Sailors on board Portsmouth based HMS Protector used a rare lull in the ships busy programme to do an hour long workout session.
Crew were lead by the ship's physical training instructor to do squats and press-ups on thick ice in Antarctica.
The ship is coming to the end of its 'summer season' surveying the waters around Antarctica.
Due to the icy and cold conditions, the crews have to train inside in usually cramped conditions.
The Leading Physical Trainer Gareth Smith said, "The ship was surrounded by ice for miles around and the decision was taken to allow people on the ice.
"The idea then struck me: after a month of being crammed in the ship's lower hold, if we'd played football, what prevented me from taking a circuit class? A chilly one, granted but one in unbelievably pure air, with an amazing back drop and without the constraints of space."
Previously uncharted areas of the Southern Ocean have been surveyed by personnel on board the Royal Navy ice patrol ship HMS Protector.
The survey findings will help determine the scale of any clean-up work required as a result of previous human presence and whether it would cause unacceptable disruption for the resident penguin colonies.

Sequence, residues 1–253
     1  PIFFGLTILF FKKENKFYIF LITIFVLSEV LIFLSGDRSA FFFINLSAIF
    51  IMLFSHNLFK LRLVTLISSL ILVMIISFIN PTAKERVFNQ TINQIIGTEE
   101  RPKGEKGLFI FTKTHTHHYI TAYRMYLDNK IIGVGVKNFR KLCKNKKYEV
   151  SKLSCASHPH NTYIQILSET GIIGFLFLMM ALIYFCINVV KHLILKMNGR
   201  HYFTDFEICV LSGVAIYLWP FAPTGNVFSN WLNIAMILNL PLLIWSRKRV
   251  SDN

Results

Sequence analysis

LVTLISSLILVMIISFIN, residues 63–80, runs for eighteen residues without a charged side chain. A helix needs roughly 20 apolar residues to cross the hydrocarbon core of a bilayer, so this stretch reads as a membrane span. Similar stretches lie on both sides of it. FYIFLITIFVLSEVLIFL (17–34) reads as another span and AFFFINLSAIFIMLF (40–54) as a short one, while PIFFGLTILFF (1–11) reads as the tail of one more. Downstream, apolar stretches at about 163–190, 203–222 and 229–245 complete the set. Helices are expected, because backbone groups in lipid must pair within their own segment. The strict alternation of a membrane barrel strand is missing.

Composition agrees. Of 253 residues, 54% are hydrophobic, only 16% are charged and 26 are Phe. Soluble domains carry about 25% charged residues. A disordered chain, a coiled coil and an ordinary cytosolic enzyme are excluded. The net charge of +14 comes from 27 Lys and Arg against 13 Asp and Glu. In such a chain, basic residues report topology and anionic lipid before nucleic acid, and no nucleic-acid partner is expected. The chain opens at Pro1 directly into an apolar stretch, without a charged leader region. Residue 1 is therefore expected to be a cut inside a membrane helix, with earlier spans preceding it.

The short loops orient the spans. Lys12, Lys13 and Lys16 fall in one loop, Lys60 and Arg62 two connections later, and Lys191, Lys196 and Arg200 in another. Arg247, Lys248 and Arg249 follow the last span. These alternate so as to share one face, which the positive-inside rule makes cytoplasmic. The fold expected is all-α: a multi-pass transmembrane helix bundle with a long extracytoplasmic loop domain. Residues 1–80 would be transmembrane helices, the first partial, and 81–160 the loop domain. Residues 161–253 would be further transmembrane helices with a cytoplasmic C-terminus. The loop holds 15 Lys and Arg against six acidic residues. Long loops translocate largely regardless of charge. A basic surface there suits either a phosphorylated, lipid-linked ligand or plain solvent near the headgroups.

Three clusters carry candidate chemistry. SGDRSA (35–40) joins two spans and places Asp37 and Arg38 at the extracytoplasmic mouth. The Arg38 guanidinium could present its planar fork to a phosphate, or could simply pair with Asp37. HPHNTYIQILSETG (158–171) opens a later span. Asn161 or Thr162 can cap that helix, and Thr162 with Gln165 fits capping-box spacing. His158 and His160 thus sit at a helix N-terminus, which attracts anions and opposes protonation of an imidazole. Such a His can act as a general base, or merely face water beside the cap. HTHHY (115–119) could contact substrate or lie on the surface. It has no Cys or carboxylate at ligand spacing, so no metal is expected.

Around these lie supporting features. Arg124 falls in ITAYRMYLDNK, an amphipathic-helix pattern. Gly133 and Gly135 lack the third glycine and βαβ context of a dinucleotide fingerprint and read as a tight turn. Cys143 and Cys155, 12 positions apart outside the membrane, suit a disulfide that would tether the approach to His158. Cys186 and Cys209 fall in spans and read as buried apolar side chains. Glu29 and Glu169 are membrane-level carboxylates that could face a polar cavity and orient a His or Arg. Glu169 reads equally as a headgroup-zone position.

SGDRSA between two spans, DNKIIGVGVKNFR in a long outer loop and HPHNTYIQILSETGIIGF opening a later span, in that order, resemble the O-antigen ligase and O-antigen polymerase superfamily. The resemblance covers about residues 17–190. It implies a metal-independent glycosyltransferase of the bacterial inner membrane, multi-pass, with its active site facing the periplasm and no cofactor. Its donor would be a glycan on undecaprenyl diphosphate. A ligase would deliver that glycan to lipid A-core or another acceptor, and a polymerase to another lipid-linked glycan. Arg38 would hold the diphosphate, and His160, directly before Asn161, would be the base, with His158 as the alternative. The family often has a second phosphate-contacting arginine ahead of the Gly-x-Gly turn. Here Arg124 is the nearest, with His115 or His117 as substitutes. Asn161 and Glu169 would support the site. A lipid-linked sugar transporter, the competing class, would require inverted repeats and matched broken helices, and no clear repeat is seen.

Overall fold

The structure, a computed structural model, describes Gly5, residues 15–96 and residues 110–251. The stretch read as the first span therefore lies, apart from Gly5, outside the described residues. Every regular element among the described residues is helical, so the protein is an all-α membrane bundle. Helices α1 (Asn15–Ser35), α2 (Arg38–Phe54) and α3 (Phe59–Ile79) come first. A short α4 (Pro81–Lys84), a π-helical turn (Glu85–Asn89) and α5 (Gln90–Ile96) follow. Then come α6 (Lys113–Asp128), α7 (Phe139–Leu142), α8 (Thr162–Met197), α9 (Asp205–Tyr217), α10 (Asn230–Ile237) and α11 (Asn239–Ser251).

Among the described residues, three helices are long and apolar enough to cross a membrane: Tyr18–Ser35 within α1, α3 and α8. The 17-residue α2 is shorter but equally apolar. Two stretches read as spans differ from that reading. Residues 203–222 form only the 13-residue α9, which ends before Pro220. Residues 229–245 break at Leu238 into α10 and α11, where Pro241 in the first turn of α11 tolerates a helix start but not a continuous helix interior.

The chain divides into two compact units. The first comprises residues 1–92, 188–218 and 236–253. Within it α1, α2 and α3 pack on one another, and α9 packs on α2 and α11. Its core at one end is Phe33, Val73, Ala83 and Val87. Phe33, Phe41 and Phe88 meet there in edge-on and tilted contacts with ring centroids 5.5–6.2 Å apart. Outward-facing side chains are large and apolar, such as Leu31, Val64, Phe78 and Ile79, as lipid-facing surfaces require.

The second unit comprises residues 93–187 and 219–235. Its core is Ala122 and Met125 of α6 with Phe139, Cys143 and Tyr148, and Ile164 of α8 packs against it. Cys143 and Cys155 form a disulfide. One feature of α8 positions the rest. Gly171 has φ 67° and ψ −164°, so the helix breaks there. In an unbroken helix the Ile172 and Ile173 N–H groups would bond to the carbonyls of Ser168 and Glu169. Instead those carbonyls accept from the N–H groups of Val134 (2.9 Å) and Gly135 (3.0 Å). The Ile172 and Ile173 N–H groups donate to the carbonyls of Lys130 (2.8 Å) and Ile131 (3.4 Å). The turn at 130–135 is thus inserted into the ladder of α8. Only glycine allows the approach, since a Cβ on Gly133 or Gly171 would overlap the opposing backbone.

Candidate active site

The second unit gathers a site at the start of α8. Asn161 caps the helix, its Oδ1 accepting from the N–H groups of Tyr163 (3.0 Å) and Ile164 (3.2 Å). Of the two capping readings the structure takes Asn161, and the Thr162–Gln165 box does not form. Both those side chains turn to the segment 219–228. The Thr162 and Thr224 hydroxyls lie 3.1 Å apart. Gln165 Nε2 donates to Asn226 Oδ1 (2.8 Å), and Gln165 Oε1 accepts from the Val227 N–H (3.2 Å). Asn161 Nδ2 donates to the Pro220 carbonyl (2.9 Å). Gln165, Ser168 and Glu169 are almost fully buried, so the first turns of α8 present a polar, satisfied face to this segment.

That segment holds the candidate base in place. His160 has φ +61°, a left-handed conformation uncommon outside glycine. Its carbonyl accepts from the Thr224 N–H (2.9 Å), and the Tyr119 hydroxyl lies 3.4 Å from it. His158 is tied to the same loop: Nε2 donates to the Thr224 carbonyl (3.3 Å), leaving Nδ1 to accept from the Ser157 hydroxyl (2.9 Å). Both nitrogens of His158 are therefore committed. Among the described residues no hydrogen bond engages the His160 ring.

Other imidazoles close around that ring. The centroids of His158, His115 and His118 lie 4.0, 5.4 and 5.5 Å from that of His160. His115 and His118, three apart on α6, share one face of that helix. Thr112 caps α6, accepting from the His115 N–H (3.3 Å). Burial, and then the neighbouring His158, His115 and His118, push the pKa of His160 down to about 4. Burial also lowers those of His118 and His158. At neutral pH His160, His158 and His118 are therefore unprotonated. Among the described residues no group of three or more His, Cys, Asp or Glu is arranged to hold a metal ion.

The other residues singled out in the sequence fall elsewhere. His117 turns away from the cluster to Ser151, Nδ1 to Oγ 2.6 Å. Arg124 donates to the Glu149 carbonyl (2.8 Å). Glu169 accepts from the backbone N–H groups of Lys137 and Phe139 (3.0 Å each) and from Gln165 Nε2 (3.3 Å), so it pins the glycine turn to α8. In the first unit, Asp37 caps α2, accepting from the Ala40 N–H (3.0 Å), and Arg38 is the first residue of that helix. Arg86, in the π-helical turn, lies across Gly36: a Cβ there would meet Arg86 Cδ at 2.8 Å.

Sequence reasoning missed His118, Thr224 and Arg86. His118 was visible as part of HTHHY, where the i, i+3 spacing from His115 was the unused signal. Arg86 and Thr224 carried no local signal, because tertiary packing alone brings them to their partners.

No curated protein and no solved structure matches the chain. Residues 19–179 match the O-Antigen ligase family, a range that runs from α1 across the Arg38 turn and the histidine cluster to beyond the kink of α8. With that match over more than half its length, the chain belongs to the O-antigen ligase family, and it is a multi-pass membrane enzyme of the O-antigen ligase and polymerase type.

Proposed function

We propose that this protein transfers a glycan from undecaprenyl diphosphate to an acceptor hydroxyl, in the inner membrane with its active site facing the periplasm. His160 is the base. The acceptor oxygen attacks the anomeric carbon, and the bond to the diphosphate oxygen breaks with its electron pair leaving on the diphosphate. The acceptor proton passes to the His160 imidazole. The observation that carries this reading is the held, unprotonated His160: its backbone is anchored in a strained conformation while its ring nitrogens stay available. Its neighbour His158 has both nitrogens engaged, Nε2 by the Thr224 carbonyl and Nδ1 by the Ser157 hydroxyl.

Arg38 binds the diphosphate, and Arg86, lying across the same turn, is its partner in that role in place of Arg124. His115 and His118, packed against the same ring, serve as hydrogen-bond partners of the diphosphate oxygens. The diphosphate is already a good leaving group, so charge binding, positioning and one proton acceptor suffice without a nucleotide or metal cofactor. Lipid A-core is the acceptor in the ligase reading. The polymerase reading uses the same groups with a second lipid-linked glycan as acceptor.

The Royal Navy’s ice patrol ship, HMS Protector, will leave Portsmouth on Monday for an eight-month deployment surveying and patrolling Antarctica.
On her way south the 5,000-tonne ice-breaker will visit St Helena to conduct surveys of the harbour in preparation for the building of a new jetty.
HMS Protector will arrive in Antarctica for the austral summer and will conduct four periods in the ice.
The ship will also assist with the re-supply of British Antarctic Survey stations in the region.
Captain Peter Sparkes, Protector’s Commanding Officer, said: “Building upon the success - and the lessons identified - from HMS Protector’s inaugural deployment to Antarctica, the ship and her company are ready in all respects to face again the challenges of the southern ocean.
"HMS Protector exemplifies the Royal Navy’s global reach and the UK government’s commitment to British interests in the South Atlantic.”